Cooking Glossary – All About You Need for Cooking in Kitchen

COOKING GLOSSARY….

Au gratin………. dish topped with breadcrumbs or grated cheese, cooked in the oven and/or finished off under the grill until golden brown and toasted.

Beat……….to beat with a rotary beater, fork or a spoon any liquid or semi-liquid food with the purpose of mixing that particular item of food thoroughly and making it smooth and free of any lumps.

Blend………..to combine several ingredients together till smooth.

Boil…………to heat liquid until bubbles appear on the surface and vapour starts rising.

Blanch………cover nuts or tomatoes or whatever you want  to blanch with boiling water  and then after some time put it in cold water so the skin breaks. Then peel off the skin.

Batter………..is a mixture of flour and liquid. The consistency of the batter is such that it can be stirred with a spoon and is thin enough to pour or drop from the spoon.

Chill………to cool food by placing it either in the fridge or on the ice.

Chop……..to cut food into pieces.

Combine………..to mix two or more ingredients together.

Dissolve……..to melt required ingredients in liquid.

Drain……..to free the food completely from liquid

Deep fry…………to fry in plenty of oil or fat

Dough……… a mixture of flour and liquid and other ingredients as required. A dough is thick is thick enough to knead or roll, but it is too stiff to stir or pour.

Fry……….to cook food in oil or any fat till it turns brown.

Garnish……….to decorate food.

Garlic flake………..an individual piece in a pod of garlic.

Grate………..to rub food into fine strips on a grater.

Grind……….to reduce food to a paste.

Gravy……….liquid in which food is cooked.

Knead……..work on dough with hands pressing, stretching, folding and punching till it turns smooth.

Line……….. cover the inside of a dish, bowl or mould with paper, pastry, gelatine etc.

Melt……….to heat until the ingredients are changed from solid to liquid.

Mince……..to chop food as finely as possible.

Parboil………. cook partially to soften in boiling water before proceeding to cook in another manner.

Peel………to remove skin of vegetables or fruits.

Purèe……….. mashed and creamed vegetables, or cooked fruit.

Roll……….to place a ball of dough on a flat board and roll it out in any shape you require with the help of a rolling pin.

Sift……….to separate coarse pieces from flour etc. by shaking through a sieve.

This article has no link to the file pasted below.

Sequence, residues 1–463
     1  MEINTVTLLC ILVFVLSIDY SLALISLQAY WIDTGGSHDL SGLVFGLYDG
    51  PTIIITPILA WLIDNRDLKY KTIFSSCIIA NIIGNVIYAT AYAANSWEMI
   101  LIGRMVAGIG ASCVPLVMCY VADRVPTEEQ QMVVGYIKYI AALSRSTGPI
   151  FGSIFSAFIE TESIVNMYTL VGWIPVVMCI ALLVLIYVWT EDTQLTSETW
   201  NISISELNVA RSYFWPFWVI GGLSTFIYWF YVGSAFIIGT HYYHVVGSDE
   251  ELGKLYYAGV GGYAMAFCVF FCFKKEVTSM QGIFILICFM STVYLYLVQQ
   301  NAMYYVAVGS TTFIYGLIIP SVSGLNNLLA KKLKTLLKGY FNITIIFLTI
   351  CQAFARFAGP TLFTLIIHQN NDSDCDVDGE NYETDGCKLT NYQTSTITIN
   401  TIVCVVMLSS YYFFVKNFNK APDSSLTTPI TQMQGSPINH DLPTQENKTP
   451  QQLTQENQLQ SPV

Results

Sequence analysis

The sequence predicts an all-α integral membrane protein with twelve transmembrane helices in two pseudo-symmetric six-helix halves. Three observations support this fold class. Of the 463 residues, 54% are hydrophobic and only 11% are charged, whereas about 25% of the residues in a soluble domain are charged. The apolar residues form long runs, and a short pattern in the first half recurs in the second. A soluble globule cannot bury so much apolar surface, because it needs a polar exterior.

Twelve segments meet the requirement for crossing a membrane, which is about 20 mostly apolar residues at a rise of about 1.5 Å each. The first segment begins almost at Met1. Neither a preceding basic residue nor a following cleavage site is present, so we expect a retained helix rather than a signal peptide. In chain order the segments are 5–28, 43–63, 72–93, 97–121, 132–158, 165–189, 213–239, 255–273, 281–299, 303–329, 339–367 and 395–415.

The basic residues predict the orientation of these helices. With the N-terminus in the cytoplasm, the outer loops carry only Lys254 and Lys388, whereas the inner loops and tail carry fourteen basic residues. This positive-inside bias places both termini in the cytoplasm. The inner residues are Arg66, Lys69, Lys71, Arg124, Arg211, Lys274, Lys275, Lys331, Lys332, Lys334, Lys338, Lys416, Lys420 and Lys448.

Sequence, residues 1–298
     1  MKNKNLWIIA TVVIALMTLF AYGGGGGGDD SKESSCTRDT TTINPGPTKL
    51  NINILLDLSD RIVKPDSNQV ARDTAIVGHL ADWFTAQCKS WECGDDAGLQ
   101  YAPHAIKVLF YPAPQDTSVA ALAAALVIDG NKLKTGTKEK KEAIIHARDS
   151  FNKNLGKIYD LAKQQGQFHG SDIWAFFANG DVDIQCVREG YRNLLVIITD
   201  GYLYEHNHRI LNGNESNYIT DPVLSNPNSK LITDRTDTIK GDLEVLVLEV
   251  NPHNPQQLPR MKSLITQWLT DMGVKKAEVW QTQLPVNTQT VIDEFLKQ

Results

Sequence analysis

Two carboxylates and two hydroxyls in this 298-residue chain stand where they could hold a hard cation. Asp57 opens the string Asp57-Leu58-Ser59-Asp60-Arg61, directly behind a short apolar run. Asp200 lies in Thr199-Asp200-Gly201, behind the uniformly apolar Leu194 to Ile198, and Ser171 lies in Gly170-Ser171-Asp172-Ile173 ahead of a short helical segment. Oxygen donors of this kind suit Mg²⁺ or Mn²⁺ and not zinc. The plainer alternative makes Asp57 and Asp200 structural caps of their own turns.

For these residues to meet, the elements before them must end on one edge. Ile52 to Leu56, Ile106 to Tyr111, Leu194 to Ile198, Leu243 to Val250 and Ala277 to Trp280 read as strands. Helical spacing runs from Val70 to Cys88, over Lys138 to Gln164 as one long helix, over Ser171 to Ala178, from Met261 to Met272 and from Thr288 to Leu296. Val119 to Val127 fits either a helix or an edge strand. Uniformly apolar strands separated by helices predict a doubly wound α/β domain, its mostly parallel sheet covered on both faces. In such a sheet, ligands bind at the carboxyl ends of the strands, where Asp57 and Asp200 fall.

Seasonings or Spices……….aromatic dried herbs and spices used to increase the taste and appearance of food.

Shred……….to cut food into small, long and narrow strips.

Squeeze………to takeout the liquid from food by crushing or pressing.

Simmer……….to cook food just below the boiling point.

Soak………to cover food with liquid.

Shallow fry……….to fry food in a little oil or fat till golden brown.

Steam……….to steam food is to cook food by means of steam generated by boiling water. The food does not come in contact with water. This is a much better method than boiling because in this method all the important nutrients are retained in the food.

Stew………. cook slowly, simmering with liquid in a covered casserole.

Whisk…….. beat rapidly until smooth and frothy.

 

Written by

RFPL

Indian spices have been famed throughout the world since times immemorial and have been closely associated with cultural traditions, magic, preservation, medicine and embalming. Spices of India have found mention 7000 years ago in the ancient civilisations of Egypt, Mesopotamia, Sumeria, Arabia and China, far before the Greek and Roman civilisations came into being. In fact, India’s history has been re-scripted by the Europeans’ quest for our famed spices.

At Ramdev, we understand the splendour that Indian spices have stood for through many millennia and count ourselves amongst the custodians of this great heritage. For half a century, through the purity and quality of our spices, we have reiterated the sobriquet of ‘Spice Land’ for India. Our business footprint and loyal customers across the world are our testimonials for consistently delivering the finest grade of spices in multifarious forms year after year.